with Yvonne Lai
Without doubt, American producer Steven Bochco had a successful run of television series but it's been a decade and a half since he made his name with LA Law and by the looks of his new legal drama, his glory days are well behind him.
Raising the Bar (Sony Entertainment Television; Wednesdays at 9pm) is a middle-of-the-road courtroom procedural about defence attorneys fighting for their clients while equally motivated prosecutors try to put them away. Like The Practice, the series takes a look at both sides of the courtroom by focusing on a group of law school friends who battle each other in trials and, afterwards, get together for drinks. But for all the youth and clumsy idealism of the main character, Jerry Kellerman (Saved by the Bell's Mark-Paul Gosselaar, here sporting bad suits and bad hair), the show's attention to social issues is tepid at best.
Unlike Bochco's mid-1980s to mid-90s legal hit, which dealt with hot topics of the era such as Aids, homophobia and abortion, Raising the Bar seems primarily interested in exploring the idea that lawyers who work together, play and sleep together. While that premise worked just fine in the hands of David E. Kelley (Ally McBeal), the inter-office sexual tensions of Raising the Bar move rapidly into cliched pairings within the first couple of episodes.
The one exception involves the character of Judge Trudy Kessler, which Jane Kaczmarek (Malcolm in the Middle) plays with caustic confidence. She's a hardliner who isn't above putting Kellerman in jail to teach him some courtroom respect. As the first episode more than hints at, she's not immune to the charms of her much younger law clerk, Charlie Sagansky (Jonathan Scarfe; ER), whose life outside the courthouse promises interesting complications ahead.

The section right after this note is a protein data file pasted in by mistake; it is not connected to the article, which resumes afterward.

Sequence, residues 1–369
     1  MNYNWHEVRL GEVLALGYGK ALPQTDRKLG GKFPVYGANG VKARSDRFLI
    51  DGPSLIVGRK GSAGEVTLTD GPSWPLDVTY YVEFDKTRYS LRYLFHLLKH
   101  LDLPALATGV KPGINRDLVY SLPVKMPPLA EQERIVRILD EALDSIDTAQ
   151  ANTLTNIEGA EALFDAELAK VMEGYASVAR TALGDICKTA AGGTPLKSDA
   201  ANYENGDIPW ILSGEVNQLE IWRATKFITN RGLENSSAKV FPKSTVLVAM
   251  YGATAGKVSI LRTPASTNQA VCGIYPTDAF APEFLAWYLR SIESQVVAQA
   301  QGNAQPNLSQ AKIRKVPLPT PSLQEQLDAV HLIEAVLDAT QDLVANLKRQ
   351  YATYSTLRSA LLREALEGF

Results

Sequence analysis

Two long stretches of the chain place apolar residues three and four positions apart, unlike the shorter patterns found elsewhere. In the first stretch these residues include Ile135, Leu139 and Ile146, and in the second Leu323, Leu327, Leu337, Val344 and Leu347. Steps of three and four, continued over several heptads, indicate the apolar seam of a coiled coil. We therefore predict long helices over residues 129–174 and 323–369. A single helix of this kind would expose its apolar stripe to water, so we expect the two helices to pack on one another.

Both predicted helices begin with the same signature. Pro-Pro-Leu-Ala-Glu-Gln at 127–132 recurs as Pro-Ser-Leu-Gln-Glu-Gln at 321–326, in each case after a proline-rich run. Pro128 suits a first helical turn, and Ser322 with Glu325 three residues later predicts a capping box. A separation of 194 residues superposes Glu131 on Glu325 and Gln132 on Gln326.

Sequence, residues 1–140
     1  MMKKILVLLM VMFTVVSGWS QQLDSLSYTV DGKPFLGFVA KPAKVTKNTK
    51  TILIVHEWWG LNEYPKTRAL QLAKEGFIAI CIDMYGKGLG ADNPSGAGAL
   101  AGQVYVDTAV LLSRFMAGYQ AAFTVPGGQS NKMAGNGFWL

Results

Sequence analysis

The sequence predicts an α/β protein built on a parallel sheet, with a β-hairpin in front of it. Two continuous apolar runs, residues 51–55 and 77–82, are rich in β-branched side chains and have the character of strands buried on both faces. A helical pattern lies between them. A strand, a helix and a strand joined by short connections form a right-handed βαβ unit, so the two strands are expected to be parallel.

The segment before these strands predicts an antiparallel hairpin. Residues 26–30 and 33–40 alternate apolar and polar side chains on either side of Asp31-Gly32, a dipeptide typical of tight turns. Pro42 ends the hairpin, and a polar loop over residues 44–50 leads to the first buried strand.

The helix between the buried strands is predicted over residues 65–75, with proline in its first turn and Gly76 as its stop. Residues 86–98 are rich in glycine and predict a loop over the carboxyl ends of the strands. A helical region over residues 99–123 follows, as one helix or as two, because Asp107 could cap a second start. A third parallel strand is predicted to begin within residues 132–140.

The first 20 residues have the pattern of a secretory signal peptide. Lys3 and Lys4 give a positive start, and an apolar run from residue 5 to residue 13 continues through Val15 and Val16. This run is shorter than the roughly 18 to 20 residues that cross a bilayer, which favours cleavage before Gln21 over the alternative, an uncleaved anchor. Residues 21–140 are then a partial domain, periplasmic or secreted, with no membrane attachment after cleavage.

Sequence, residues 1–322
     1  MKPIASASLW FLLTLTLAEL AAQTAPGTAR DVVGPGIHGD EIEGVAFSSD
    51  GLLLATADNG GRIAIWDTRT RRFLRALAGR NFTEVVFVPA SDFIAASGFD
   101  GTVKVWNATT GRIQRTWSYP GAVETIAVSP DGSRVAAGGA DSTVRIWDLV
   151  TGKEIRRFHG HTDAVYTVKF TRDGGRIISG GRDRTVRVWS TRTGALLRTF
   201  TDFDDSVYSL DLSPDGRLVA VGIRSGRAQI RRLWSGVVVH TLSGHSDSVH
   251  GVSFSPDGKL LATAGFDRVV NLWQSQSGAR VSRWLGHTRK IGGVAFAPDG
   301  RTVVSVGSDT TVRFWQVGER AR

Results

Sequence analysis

Elsewhere, Food Lover's Guide to the Planet (Nat Geo Adventure; Saturdays at 10.30pm) takes us to Istanbul, Turkey, during the Muslim fasting month of Ramadan. Daytime abstinence finds its balance in the evening feast - or iftar - when friends and families break their fast together. As the locals sit down to a traditional meal, we follow each dish through its history and ingredients, visiting artisanal producers of pide (flat bread), pastirma (cured beef) and gullac (above right; a delicate dessert made with pasta sheets, milk, honey and nuts). The half-hour episode is a feast for the eyes and the curious mind.
Food Lover's Guide, now into its second season, was conceived as the diary of a foodie for Gourmet Magazine. The show retains the attention to the written word; and, as the local hosts are often food writers themselves, the commentary possesses a certain poetry. The words are often as delicious as the dishes being featured, making for a celebration of consumption and the people who do it so well.